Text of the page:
Last year, when he was mired in the midst of a dismal first half, Derek Jeter looked like a player who had seen his best days. But a rejuvenated Jeter came out of a stint on the disabled list and began to pile up the base hits, so that now New York Yankee fans such as I may look forward to see who he will be passing soon on the all-time hits list.
Jeter has his sights set on a number of Hall of Famers, all of whom he should drop one place on this list as he continues a superb 2012 campaign.
1. Paul Waner
Waner played the majority of his career for the Pittsburgh Pirates, accumulating 3,152 base hits. Eight different seasons saw Waner exceed 200 hits, as he compiled a lifetime batting average of .333. Paul hit over .360 five times, and he finished his career during the war years with the Yankees.
2. George Brett
A lifetime .305 batter, Brett won batting titles in three different decades with the Kansas City Royals. He had 3,154 base hits, so Jeter could potentially pass both him and Waner on the same day if he has a multi-hit contest. Brett was a pain in the neck for the Yankees over the years, especially in the playoffs, where he belted six home runs against New York in the four American League Championship Series he played them in.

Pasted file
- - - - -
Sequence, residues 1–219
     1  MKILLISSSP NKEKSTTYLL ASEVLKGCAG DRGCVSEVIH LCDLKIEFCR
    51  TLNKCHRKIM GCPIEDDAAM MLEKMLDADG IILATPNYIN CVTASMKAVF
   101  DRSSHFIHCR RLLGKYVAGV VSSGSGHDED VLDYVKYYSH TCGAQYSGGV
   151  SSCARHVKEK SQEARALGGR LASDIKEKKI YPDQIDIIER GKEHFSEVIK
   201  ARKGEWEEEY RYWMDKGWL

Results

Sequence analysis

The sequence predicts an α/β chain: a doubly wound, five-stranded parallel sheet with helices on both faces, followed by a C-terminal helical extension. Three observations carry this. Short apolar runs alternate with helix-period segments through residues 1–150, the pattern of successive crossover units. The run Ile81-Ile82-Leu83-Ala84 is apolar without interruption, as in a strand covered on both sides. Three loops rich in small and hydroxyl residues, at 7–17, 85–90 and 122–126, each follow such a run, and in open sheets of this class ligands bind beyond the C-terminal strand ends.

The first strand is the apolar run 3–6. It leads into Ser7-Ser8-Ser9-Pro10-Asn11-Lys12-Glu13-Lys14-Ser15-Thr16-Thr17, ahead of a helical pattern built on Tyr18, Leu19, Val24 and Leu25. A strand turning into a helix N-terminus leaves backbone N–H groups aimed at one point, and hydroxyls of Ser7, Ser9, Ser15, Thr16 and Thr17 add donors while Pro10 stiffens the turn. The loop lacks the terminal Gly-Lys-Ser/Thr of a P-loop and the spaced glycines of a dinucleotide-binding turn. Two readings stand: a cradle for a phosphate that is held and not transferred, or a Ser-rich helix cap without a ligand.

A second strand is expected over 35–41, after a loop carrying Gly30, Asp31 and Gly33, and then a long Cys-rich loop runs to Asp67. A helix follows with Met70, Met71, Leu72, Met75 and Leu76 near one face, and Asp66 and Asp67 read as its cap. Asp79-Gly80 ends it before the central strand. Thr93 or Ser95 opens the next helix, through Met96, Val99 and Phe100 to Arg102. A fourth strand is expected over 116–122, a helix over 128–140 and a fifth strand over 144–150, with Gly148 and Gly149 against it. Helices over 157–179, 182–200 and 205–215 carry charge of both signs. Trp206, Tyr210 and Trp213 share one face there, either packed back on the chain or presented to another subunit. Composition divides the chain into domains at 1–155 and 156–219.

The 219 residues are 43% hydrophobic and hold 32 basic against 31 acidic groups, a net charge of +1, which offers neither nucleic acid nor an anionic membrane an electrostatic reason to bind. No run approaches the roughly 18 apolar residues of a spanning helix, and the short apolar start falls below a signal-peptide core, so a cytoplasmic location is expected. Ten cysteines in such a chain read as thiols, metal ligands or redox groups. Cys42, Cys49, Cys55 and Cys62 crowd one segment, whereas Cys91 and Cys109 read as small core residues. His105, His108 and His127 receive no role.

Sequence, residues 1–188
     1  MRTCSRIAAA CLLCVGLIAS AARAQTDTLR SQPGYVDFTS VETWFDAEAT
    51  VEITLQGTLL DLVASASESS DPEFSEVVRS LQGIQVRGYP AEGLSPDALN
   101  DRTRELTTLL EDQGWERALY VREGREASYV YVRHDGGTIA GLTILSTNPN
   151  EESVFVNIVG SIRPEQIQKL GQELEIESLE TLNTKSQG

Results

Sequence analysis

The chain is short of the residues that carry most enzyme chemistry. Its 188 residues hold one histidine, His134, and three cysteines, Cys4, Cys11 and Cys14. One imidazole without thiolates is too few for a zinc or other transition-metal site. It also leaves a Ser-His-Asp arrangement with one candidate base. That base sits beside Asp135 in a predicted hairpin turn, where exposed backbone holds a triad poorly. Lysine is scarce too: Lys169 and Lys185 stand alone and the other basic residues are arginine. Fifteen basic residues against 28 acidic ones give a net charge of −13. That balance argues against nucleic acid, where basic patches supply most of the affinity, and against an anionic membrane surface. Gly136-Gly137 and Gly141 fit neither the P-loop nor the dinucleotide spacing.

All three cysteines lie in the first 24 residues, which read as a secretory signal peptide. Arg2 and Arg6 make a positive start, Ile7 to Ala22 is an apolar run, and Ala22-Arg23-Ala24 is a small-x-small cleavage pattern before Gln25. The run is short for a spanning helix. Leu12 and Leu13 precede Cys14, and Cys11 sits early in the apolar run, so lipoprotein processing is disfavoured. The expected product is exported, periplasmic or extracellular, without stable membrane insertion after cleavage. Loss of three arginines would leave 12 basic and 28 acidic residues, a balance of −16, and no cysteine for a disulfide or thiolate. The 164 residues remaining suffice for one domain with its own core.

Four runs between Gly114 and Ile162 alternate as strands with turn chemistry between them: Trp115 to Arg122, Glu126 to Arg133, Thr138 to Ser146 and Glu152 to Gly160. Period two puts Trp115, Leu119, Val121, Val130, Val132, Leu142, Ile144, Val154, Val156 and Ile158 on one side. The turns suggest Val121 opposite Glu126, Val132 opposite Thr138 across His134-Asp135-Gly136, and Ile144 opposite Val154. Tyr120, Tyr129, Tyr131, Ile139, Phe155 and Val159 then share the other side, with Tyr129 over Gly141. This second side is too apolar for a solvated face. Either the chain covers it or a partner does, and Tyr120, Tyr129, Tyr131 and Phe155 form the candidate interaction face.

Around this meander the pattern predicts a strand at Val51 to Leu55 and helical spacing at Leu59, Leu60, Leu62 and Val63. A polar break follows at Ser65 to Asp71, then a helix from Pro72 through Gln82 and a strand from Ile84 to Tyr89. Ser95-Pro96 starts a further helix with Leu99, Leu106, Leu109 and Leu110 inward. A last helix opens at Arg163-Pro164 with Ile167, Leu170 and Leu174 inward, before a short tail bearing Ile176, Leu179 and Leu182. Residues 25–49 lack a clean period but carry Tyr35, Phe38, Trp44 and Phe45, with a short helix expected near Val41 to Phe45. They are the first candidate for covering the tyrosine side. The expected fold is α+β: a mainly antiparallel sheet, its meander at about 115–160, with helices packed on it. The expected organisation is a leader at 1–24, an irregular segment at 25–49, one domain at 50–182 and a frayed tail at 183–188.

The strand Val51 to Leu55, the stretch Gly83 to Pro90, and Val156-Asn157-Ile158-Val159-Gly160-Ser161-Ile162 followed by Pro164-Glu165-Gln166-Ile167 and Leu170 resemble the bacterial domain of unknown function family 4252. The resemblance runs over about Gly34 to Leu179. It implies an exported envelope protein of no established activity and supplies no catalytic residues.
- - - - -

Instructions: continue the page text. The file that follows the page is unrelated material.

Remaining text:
3. Cal Ripken
The ironman shortstop of the Baltimore Orioles would be next up for Jeter in 2012 if he stays healthy, some 30 hits ahead of Brett with 3,184. Ripken's lifetime batting mark is .276, as he eclipsed the .300 plateau just five times. However, he hit for power on a regular basis, bashing 431 homers in his 21 seasons.
4. Nap Lajoie
In a career that went from 1896 through 1916, Lajoie hit over .350 a remarkable 11 times. Jeter would have a ways to go after moving on by Ripken to get to Lajoie, as Nap knocked out 3,242 base hits, about 100 more than Jeter has now. Lajoie toiled for the Cleveland franchise for much of his career, excelling so much on the field that the team was actually called the Cleveland Naps for a time. Lajoie was the league leader in such categories as base hits, doubles, runs batted in, and batting average on many occasions.
5. Eddie Murray
The former Oriole became a nomad later in his career, as he played for five other clubs on his journey to 3,255 hits. If Jeter falls off his current pace, we can still expect him to pass Murray some time this season. This would vault him into the 12th spot on the hits list. Murray rarely led his league in any major offensive categories, but did have the most homers and runs batted in for all American League batters in the strike-shortened 1981 campaign.
I have been a fan of the New York Yankees since the middle of the 1960s.
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